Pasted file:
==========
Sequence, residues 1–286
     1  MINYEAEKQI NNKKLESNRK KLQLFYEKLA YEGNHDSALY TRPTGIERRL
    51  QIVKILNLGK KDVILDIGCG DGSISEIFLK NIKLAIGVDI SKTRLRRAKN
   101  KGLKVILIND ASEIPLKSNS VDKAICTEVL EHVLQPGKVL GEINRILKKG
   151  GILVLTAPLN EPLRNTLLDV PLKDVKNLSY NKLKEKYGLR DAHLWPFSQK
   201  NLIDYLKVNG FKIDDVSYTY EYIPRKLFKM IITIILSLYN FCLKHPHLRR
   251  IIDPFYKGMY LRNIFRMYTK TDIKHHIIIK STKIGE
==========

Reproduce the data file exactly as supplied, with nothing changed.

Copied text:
Sequence, residues 1–286
     1  MINYEAEKQI NNKKLESNRK KLQLFYEKLA YEGNHDSALY TRPTGIERRL
    51  QIVKILNLGK KDVILDIGCG DGSISEIFLK NIKLAIGVDI SKTRLRRAKN
   101  KGLKVILIND ASEIPLKSNS VDKAICTEVL EHVLQPGKVL GEINRILKKG
   151  GILVLTAPLN EPLRNTLLDV PLKDVKNLSY NKLKEKYGLR DAHLWPFSQK
   201  NLIDYLKVNG FKIDDVSYTY EYIPRKLFKM IITIILSLYN FCLKHPHLRR
   251  IIDPFYKGMY LRNIFRMYTK TDIKHHIIIK STKIGE